Living History Fair

Scott McCollough, of Montezuma, Iowa, with the First South Carolina Infantry, plays the banjo outside his tent during the History Center of Olmsted County’s Living History Fair Saturday, July 15, 2017, in Rochester. Civil War battle reenactments, a Civil War encampment, Civil War medical demonstrations and a vintage baseball game could all be seen at the Living HIstory Fair over the weekend.

Explore the past at the History Center of Olmsted County’s Living History Fair. With something for every member of the family, the fair offers an interactive look at the Civil War.

“The majority of the fair focuses on the Civil War, but it covers the 1840s to 1890s,” said Aaron Saterdalen, the history center’s education and programs coordinator and event organizer. “You’ll be able to immerse yourself in history, go back 150-plus years. You’ll learn the history, but you’ll also see it in action.”

Throughout the day, fairgoers will see Civil War-era tradespeople making their wares (blacksmith, tinsmith, ropemaker), watch vintage base ball games (featuring the History Center’s Roosters team), and step inside the 1860s William Dee cabin and 1880’s Hadley Valley School.

“There are a variety of hands-on activities. You can make a rope, tie a broom, and try your hand at a variety of hand powered tools,” said Saterdalen. “It’s an education — a hands-on education.”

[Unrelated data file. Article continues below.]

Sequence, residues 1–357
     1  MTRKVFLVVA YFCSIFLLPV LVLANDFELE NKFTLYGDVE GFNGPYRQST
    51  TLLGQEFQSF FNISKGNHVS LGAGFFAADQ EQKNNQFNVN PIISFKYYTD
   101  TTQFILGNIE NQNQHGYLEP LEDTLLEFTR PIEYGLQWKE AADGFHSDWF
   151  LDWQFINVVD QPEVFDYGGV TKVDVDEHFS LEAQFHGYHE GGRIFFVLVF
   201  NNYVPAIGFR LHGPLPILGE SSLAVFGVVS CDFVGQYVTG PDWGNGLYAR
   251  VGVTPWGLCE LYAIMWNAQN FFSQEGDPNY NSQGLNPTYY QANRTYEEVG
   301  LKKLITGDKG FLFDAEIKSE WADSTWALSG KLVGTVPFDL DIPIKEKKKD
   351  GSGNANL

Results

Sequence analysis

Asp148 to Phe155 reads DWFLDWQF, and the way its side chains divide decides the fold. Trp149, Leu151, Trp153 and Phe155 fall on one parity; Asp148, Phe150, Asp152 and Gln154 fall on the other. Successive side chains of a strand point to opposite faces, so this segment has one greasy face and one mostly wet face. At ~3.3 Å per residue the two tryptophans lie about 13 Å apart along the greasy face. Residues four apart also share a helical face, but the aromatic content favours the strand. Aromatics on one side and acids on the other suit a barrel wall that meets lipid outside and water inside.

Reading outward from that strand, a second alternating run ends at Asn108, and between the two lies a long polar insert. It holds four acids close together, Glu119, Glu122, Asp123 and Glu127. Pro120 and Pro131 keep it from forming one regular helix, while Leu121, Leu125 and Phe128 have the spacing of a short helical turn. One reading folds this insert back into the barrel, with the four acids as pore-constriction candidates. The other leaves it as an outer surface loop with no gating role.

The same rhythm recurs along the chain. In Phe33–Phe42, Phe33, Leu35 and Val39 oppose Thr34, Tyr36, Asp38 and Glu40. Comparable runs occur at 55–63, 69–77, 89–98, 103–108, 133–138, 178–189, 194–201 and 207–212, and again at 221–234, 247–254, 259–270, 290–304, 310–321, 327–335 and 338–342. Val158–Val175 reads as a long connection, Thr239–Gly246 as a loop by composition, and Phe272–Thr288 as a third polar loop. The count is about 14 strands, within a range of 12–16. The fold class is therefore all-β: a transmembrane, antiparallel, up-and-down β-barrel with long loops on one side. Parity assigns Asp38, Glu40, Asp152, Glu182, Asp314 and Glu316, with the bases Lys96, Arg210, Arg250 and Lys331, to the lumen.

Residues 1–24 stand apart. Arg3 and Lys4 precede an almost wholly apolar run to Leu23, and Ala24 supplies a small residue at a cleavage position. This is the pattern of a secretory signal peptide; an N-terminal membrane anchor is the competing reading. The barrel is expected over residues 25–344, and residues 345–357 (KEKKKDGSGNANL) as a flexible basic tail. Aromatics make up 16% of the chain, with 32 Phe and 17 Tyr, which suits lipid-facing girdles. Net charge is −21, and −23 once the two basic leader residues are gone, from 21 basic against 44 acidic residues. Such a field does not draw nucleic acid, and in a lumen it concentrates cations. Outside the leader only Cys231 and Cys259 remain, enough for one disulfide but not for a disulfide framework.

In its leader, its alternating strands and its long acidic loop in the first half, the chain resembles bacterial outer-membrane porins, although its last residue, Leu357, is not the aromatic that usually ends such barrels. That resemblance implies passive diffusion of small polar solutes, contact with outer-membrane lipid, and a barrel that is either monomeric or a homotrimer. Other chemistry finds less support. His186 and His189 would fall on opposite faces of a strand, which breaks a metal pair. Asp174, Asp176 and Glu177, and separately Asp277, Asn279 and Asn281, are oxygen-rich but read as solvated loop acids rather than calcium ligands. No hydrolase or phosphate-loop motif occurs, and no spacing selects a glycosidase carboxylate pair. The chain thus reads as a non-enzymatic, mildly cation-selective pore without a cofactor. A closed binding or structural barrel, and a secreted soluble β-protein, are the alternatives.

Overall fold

Families will also be able to watch and interact with Civil War reenactors. The 80 to 100 living historians are members of Civil War Reenactment Societies representing actual Civil War units, including: 24th Iowa Volunteer Regiment, 2nd Wisconsin Volunteer Infantry, 1st Minnesota Volunteer Infantry, 3rd Minnesota Volunteer Infantry, 1st South Carolina Volunteer Infantry, 2nd Minnesota Light Artillery–Battery I, 6th Wisconsin Light Artillery, and Scott’s Tennessee Light Artillery.

“Battle reenactments, medical demonstrations, Civil War firearms,” said Saterdalen, a Civil War reenactor who serves as a corporal in the 3rd Minnesota company. “This is a great opportunity to interact with soldiers and civilians, and reenactors in period dress interpreting the 1860s timeframe.”

And if you like what you see, plan to stick around for Saturday evening’s Candlelight Tour (8:30 p.m.). Open to the first 100 participants, the tour offers an opportunity to catch a glimpse of the nightlife 150 years ago.

“The period-era tents are not just for show. They are for sleeping in, too. Typically camp is closed at night to outsiders. So this is a real treat,” said Saterdalen. “There will be five or six stations where you can watch and listen. You’ll see union soldiers sitting around a campfire, civilian women talking about the war and the home front, and a candlelight battlefield surgery.”

Admission is $10 per day. Two-day wristbands are available, until July 19, for $15. Admission for children 12 and younger is free. Admission includes entry to the museum. Concessions available for purchase.

Lindy Lange is a licensed school social worker. Family Time appears every Wednesday. Up next: Food, fun and farm animals can be found at the family-friendly Olmsted Country Free Fair.

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